“The shape of the particles really seems to matter because the stretched, ellipsoidal particles we made performed much better than spherical ones in activating the immune system and reducing the animals’ tumors,” according to Jordan Green, Ph.D., Assistant Professor of Biomedical Engineering at the Johns Hopkins University School of Medicine and a collaborator on this work. A summary of the team’s results was published online in the journal Biomaterials on Oct. 5.


TTEC Seminar Speaker

Monday, June 17, 2013
1:30pm – 2:30pm
Smith Building, ATRIUM (first floor)

Lino Ferreira 
Center of Neurosciences and Cell Biology (CNC)/Biocant (Coimbra)

Bioengineering strategies to modulate stem cell differentiation and improve cell engraftment

Lino Ferreira holds a Ph.D. in Biotechnology (2003) from the University of Coimbra (Portugal). He did postdoctoral work at MIT (USA) in the laboratory of Professor Robert Langer in the areas of human embryonic stem cells, micro- and nanotechnologies. He joined the Center of Neurosciences and Cell Biology (CNC, University of Coimbra) and Biocant (Innovation Center, Portugal) in October 2007. He has published more than 60 peer reviewed papers and has 14 issued or pending patents– 7 of which have been licensed to companies in the biomedical industry. He is the director of the Biomaterials and Stem Cell-Based Therapeutics research group and the CNC coordinator of the MIT-Portugal Program. In 2012 he was awarded with a prestigious European Research Council starting grant. The research group aims at generating fundamental and translational knowledge in the intersection of biomaterials with stem cells.

In the first part of my talk, I will cover our recent work in the use of nanomaterials to modulate cells, in particular stem cells. Although initial studies in the area of intracellular drug delivery have been performed in the delivery of DNA, there is an increasing interest in the use of other molecules to modulate cell activity, either in exogenous or endogenous cells. During my presentation I will give some examples of nanomaterials that can be used to manipulate stem cell differentiation either in vitro or in vivo, and to improve cell survival. In the second part of my talk, I will present recent results about the use of stem cells to generate vascular models for toxicity and drug screening analyses.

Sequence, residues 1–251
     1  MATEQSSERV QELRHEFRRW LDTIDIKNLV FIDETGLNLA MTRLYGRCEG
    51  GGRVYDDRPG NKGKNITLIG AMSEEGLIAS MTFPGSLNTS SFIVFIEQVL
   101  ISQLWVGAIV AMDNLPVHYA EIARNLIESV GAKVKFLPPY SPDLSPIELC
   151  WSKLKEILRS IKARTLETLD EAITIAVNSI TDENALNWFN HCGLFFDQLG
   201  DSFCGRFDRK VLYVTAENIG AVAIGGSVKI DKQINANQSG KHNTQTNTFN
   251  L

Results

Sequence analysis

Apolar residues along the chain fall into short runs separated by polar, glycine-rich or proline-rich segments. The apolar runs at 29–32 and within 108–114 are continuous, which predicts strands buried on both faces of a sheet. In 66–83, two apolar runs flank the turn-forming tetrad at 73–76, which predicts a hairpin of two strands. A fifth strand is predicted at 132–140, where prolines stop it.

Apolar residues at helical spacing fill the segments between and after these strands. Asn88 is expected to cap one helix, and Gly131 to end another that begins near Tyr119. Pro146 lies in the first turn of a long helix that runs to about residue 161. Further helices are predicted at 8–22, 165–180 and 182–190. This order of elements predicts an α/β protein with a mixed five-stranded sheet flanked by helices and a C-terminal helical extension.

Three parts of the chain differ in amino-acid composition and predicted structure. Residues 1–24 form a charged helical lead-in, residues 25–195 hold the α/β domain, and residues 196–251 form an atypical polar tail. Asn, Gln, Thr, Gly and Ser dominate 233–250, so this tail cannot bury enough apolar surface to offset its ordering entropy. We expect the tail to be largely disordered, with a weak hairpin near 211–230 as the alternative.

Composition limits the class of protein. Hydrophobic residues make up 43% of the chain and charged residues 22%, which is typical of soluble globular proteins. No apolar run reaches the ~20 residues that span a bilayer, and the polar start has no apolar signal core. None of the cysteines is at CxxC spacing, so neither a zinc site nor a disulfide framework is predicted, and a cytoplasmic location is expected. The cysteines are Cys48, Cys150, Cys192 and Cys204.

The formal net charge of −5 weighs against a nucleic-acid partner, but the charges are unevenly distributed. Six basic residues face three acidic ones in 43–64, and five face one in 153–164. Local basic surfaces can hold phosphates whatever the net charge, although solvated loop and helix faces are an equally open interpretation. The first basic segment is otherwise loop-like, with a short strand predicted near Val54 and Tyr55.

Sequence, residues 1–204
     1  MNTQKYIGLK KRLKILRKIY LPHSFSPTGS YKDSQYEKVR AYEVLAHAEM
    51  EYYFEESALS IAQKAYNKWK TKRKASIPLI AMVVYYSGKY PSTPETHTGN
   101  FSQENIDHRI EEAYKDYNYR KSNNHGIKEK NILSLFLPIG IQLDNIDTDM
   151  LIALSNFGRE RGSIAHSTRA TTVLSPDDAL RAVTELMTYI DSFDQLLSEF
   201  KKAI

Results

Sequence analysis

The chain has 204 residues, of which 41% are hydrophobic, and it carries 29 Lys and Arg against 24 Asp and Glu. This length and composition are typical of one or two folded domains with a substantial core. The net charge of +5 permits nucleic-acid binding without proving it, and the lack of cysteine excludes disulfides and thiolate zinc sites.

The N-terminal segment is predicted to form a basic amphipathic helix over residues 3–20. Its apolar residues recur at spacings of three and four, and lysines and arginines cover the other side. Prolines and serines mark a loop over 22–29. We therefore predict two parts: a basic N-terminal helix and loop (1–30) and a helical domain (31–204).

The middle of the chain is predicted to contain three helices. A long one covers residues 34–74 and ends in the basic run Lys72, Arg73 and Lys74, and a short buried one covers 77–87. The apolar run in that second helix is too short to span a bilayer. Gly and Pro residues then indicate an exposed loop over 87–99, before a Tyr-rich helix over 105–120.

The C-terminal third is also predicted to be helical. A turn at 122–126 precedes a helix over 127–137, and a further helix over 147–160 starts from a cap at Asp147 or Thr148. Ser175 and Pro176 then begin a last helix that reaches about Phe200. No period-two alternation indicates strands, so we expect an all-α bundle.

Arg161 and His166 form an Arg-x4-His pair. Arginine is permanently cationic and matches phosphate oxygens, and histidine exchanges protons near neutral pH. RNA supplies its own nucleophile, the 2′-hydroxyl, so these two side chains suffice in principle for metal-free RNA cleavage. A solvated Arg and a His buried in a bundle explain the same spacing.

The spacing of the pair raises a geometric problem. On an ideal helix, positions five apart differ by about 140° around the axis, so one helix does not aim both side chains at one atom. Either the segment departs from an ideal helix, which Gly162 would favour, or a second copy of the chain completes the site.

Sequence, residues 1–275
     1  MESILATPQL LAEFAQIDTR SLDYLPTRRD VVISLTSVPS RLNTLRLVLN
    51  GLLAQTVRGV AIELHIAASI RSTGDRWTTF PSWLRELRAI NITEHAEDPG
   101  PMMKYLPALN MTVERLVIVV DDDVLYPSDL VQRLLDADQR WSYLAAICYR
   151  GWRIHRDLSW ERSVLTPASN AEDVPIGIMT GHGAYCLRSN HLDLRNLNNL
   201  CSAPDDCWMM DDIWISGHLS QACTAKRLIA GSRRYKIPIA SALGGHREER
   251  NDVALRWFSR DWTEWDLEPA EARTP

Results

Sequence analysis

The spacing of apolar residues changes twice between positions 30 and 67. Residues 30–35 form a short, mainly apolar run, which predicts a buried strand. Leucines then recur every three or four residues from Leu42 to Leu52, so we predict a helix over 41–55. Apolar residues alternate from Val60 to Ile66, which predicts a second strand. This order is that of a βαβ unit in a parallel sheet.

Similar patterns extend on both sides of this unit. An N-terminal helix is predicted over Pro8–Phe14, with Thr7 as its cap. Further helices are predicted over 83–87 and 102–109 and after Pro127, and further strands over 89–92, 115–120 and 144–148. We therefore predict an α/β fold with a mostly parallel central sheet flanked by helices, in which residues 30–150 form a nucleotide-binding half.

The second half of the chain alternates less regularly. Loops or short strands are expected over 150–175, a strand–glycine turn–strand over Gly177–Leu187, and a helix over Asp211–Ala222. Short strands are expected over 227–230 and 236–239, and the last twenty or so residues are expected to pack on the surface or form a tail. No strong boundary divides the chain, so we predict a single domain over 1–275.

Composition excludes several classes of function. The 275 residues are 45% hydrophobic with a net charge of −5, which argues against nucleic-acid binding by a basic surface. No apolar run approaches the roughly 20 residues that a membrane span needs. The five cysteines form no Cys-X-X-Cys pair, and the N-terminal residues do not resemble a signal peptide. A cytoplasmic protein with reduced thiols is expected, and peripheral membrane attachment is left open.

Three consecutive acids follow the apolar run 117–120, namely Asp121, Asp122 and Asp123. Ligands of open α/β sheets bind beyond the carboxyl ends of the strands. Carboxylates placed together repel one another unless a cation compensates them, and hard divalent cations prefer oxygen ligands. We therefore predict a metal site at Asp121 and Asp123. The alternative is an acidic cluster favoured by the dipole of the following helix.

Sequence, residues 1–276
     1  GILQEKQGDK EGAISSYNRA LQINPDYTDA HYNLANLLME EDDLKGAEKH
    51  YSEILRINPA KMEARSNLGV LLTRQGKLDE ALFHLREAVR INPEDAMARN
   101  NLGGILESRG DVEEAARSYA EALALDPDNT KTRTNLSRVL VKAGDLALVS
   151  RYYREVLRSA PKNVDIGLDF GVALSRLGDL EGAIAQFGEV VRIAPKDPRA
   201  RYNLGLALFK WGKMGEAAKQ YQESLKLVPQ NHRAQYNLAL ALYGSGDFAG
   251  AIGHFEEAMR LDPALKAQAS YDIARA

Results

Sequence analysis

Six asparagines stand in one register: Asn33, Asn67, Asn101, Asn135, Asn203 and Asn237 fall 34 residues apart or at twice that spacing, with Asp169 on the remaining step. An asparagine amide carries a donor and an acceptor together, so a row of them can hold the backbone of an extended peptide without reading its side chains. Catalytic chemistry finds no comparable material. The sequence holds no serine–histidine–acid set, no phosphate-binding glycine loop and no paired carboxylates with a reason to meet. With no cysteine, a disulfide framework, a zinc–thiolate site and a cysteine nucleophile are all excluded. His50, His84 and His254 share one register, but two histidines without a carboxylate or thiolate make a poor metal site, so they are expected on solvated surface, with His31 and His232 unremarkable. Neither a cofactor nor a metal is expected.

*Kraehenbuehl, TP, Langer, R*, Ferreira, LS*. “Biomaterials for the self-renewal and differentiation of human pluripotent stem cells”. Nature Methods 2011, 8(9), 731-736.
*Maia, J, Santos, T, Aday, S, Agasse, F, Cortes, L, Malva, JO, Bernardino, L*, Ferreira, L*. “Controlling the neuronal differentiation of stem cells by the intracellular delivery of retinoic acid-loaded nanoparticles”. ACS Nano 2011, 5(1), 97-106.
*Santos, T, Ferreira, R, Maia, J, Agasse, F, Xapelli, S, Cortes, L, Bragança, J, Malva, JO, Ferreira, L*, Bernardino, L*. “Polymeric nanoparticles to control the differentiation of neural stem cells in the subventricular zone of the brain”. ACS Nano 2012, 6(12), 10463-10474. *Authors contributed equally.
*Gomes, RSM, Neves, R, Cochlin, L, Lima, AF, Carvalho, R, Korpisalo, P, Dragneva, G, Turunen, M, Liimatainen, T, Clarke, K, Yla-Herttuala, S, Carr, CA, Ferreira, L. “Nanoparticles for simultaneous cell tracking and pro-survival/angiogenic miRNA delivery in an ischemic animal model”. ACS Nano 2013, 7(4), 3362-3372.

Congratulations to Stephanie Tzeng

Congrats to Stephany Tzeng, member of the Green Group, on her receipt of the Society For Biomaterials’ 2013 Student Award for Outstanding Research.

Congratulations to Evan Smith

Congratulations to Evan Smith, an Ingenuity Project student working in the Green Group, on winning the Baltimore Science Fair.

New material could help repair damaged cartilage

A jiggly material called hydrogel, similar in texture to Jell-O, may help mend damaged cartilage, keeping joints moving and people active.

The slippery hydrogel can jump-start cartilage growth and reduce pain, compared with the most common procedure now used in surgery, a group of scientists reported Wednesday in the journal Science Translational Medicine.

Read more:

Jordan Green named Maryland Outstanding Young Engineer

TTEC Member Jordan Green was named the Maryland Outstanding Young Engineering (OYE) October 24, 2012.  The award program was established to recognize and celebrate extraordinary contributions of young Maryland scientists and engineers. The award is sponsored by the Maryland Academy of Sciences and conferred by the Maryland Science Center to recognize and encourage the important work of young professional scientists and engineers residing in the State of Maryland and increase public awareness of their accomplishments.  TTEC has a great record with the award with Warren Grayson receiving the 2010 OYE Award!  Congrats to Jordan!